Oh joy—existentialism. No, seriously.

This post is dedicated to all the people I’m not with today, but to whom I always, always feel close. And as my third grade teacher used to say: “You know who you are.”

I used to make New Year’s Resolutions. I’ve stopped. I tend to make them around the 11th of February, when enough time has passed for me to reflect adequately on how it felt to end one year and start the other. Making resolutions and (God forbid) announcing them on the actual 1st day of the year feels to me like how it would have felt for the U.S. poet laureate to crank out the great collective national grief poem for September 11, 2001 on September 12th. It’s just not enough time to get a grip on the monumental.

And even if the events (great and small) of my tiny life are far less significant on the human stage as that one, they are still “biggies” for me. And I need to mull them over a little. Spending the holidays in Burgundy hasn’t helped fuel any sunny tendency I might have to conclude that I will “do better” this year on any number of fronts. Mostly, I’ll be happy to be alive at all.


Winter here is harsh—psychologically. Yesterday, it was warmer than usual, but today, there are low gray clouds screaming relentlessly across the sky. (Clouds usually scud, don’t they? But scudding is altogether too gay and carefree a word for what’s going on outside my window.) Gray takes on new meaning. So does dark. So does cold. So does damp. The houses in these medieval towns seem to hunch their stone colored backs in unison against the arctic chill, becoming one with its monochromatic face and breath as it bears down on them. As they’ve done for hundreds of years. And will continue to do.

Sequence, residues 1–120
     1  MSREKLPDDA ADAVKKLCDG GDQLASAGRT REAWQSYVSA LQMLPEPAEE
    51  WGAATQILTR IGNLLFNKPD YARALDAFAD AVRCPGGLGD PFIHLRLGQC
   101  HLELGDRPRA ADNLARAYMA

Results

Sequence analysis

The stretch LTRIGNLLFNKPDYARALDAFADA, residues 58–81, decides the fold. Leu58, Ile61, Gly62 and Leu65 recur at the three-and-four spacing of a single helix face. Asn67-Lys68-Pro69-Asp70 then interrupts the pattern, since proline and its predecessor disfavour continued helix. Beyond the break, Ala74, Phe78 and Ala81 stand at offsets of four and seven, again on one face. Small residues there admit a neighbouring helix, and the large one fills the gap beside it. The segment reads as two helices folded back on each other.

It’s hard to sit at my little desk in this little window, knowing that I emit a warm yellow light to whomever might be looking in from out there, without thinking: It’s no wonder existentialism came to be in this country. It’s no wonder someone devoted an ism to the realization that what we get in life isn’t necessarily the promise of happiness (or even the pursuit of it, as is dictated in our American DNA), but the chance to just be.


When the sky is gray and the road is gray and the stone walls are gray and the tree branches are bare and the pigeons line up like shooting targets on the mossy summit of the 12th Century church, and it seems for all the world like there’s nothing to do but open another bottle of wine, finish the eternal game of Monopoly (agreeing to trade “Solar Energy” for New York so that the game can come to a calamitous end), petting the dog, and contemplating once again the deep shade of almost-black that’s overtaking the sky…when that is the way things are, sometimes day after day after day, you start to get it: there might not be much to do, but you are here to witness each passing moment of that nothing-to-do-ness. And to be the best witness-participant you can be.


And then, perversely, you feel good and the great gray knot starts to come undone from the inside out. And even though the world’s colors are mostly in hibernation, your inner lights are still shining in the full spectrum. Weird, that. Weird that in the gloom of the season you all of a sudden feel happy, just because you get to be huddled in the middle of it like everyone else. With everyone else. Though separately, of course, existentially speaking.

So I’m not placing any final punctuation on the resolutions that I’ll write come mid-February, though phrases are already forming in my head around the ideas of being a better mother, reading more books and watching less television, feeding my family healthier food, etc. But what I do know, is that my greatest resolution isn’t a resolution at all, but a realization. I get to be here. Now. And I’m really happy about that. And I’m going to try to remember that feeling. Yes. About that I am resolved.